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Cold coffee

There were times during the pregnancy when I would think forward to enjoying an afternoon, watching a couple of films on a Sunday with my family , chilling out with all the jobs done, and putting my feet up for a while. Catching up on some much-needed rest and rejuvenating a little. Just a free couple of hours to sit back and take stock, then march back into the stream of life feeling fresh and ready for anything.

I can report that this is yet to happen. Probably won’t for around twenty years now, by which point we will possibly then be looking after grandchildren. If Frankie starts a family. Although in recent weeks things have improved as far as sleep goes, triplets are game changers.

I think it was heading into the third trimester that I realised there was never going to be that free Sunday afternoon watching films like the old days, relaxing with my feet up. I almost resented it a little bit and needed to be aware of that, a little self-pity can cause big problems when a man starts down that path. There was already enough tension in the house.

Heres a typical day for me when they came home from hospital.

Wake up between 2am & 3am. It’s normally Blakely that wakes up first. I change her and pass her to Stacey to put on the boob. I then put music videos on the phone to keep me awake, while i tickle Stacey’s back which in turn keeps her awake. Then Repeat another two times.


A feed can take any where between 20 – 30 mins. When one is fed, all are fed as it’s easier to keep feeds together.

I get back to sleep between half 3 & half 4am. Blakely usually then wakes again between 6 & 7am. I change a baby, get ready for work, maybe change another if I have time.

leave for work at 7.30am and work a physical job til 5pm

walk through the door, shower and cook dinner. Change babies before feeds, then help pacify babies until bath time around 10pm. Some nights I was able to get an hours sleep during the early evening. Depending how the triplets were behaving. Not often though.

Bath time and last feeds are usually done by midnight. Babies typically all asleep by 1 – 1.30am.

Get up between 2 & 3am and begin feeds again.

I need to add, this is also with three of us in the house as Stacey’s Mum was living with us. Without that help it would have been a lot harder, on Stacey during the day, and me during the evenings. I take my hat off to parents of multiples who have to do those early days alone.

At nine weeks and three days the triplets all slept through without waking for the 2 – 3am feeds.It was a massive milestone for all of us. That block of sleep was enough to begin to feel normal again.

If you have multiples, and you make a cup of coffee. Don’t ever expect to drink it while it’s hot.



And if you get five minutes to yourself, enjoy it, if you can stay awake to do so.



Out of the SCBU & in at the deep end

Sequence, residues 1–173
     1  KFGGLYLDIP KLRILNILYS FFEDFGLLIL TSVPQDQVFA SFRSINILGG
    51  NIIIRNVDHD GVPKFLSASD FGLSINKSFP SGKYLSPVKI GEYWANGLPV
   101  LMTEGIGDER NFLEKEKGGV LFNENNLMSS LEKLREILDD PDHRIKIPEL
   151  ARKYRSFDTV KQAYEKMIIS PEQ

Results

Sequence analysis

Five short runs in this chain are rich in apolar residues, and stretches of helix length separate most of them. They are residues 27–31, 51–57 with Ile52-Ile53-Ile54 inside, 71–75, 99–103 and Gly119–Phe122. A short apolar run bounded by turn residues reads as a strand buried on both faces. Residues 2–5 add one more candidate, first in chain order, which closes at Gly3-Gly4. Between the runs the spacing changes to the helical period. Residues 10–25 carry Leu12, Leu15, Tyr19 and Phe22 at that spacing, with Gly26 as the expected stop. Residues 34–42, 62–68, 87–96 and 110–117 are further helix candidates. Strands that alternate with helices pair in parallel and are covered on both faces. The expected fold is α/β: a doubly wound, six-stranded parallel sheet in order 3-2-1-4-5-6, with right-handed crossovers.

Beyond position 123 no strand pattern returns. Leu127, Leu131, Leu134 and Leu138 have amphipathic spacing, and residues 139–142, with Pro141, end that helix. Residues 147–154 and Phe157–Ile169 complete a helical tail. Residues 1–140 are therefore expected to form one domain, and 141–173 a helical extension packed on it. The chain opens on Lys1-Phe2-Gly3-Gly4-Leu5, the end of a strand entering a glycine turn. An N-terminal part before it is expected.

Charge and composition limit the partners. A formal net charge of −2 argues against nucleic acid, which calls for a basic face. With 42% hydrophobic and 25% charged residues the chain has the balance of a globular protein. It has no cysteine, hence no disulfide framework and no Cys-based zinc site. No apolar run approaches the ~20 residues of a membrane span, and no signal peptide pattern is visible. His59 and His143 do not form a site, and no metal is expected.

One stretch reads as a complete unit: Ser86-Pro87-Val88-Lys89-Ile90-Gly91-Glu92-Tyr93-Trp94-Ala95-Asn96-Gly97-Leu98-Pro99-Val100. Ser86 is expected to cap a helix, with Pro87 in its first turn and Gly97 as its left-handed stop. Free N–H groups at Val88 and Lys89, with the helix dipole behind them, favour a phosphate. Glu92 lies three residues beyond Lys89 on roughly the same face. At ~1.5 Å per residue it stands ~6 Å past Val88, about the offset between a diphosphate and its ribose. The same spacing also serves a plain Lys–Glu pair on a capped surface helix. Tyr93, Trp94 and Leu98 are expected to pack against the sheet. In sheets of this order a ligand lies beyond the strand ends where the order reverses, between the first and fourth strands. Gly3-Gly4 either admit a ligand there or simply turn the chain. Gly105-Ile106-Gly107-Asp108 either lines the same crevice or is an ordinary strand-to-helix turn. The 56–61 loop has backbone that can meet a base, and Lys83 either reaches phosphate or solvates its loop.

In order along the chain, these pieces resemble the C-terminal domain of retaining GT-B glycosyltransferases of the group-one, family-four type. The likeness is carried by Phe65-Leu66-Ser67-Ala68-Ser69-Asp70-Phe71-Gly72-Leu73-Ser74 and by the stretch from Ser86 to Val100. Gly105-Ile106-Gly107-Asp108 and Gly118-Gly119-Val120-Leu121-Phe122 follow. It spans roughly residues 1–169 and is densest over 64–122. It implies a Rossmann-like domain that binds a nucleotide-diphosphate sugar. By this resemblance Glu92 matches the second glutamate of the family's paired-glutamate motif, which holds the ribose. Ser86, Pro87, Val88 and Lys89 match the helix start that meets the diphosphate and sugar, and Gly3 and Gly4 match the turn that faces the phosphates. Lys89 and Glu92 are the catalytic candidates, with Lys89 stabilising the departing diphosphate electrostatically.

The triplets came home on a Monday. They were transported one at a time by Stacey’s Mum, only because we only had one car seat at that point, due to delivery problems with the other two. I was back at work earning, so finishing work was exciting, there was also a sense of nervous anticipation.

There wasn’t any amount of mental preparation that would have me ready for the weeks to come. If you’re expecting multiples, expect tiredness, frustration, agitation, sleep deprivation, and lots of visitors with lots advice on the best way to do things. Your house won’t be yours for a good while. It’s just how it was for us. Our situation was anything but normal.

The set up at home for the triplets is a large travel cot in the living room that they all stay in during the day. At night they are positioned around our little bedroom in separate cots. As they were premature babies they did continue to sleep the majority of the time, so it did ease us into it a little bit. For a week or two at least.

Their shared cot

The number one priority when they came home was getting them settled and continuing a strict routine. Stacey and her Mum did an amazing job settling them into this.

I found many things challenging in those early weeks. I found it difficult being at work with my newborns at home. Even though Stacey’s Mum had moved in to help,  I began to feel edged out.

Some of Stacey’s anxieties resurfaced and she began to resent that I got to go to work during the day, I remember her saying during a heated moment, that my life hadn’t changed at all. I began to resent that she got to go back to sleep after the morning feeds when I left for work, it felt like my tiredness was irrelevant. It was all just stress coming between us again.

We were both exhausted. Stacey from breastfeeding and tiredness,  and me from work and not stopping in the evenings. All the above was fuelled by sleep deprivation and stress. It was back and it was getting to all of us.

looking back, and it’s not that long ago, it’s all a bit blurry to be honest. It was tough going, there were times it felt it would never end. There is a dimension of tiredness you enter that fogs your mind, where you know your suffering mentally but become numb to it. It’s almost nice.

In the end I was just functioning. Some nights after the babies hit full term, we were getting a broken hour and a half sleep, then I’d drive to work with the windows down to stay awake. Do a full day, then home and repeat.

You realise quickly that you’ll do anything for them. They are one hundred percent reliant on your presence

I never got resentful towards the babies though, I never felt a twinge of anger towards them. Knowing all I was doing was for my family, and that where we were wasn’t permanent, kept me afloat at times.

The grown ups in the house were not doing so great at times, but the babies were thriving still.

That was what was important getting through those first weeks. And we did get through.